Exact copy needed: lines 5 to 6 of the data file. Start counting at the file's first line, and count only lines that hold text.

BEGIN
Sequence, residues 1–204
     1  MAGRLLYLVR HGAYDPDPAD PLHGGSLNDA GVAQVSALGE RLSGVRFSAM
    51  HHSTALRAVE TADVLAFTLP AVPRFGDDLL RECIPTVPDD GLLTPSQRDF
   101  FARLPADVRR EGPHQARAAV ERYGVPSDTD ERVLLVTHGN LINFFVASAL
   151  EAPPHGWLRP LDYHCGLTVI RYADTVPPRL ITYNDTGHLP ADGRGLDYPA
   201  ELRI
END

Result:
   151  EAPPHGWLRP LDYHCGLTVI RYADTVPPRL ITYNDTGHLP ADGRGLDYPA
   201  ELRI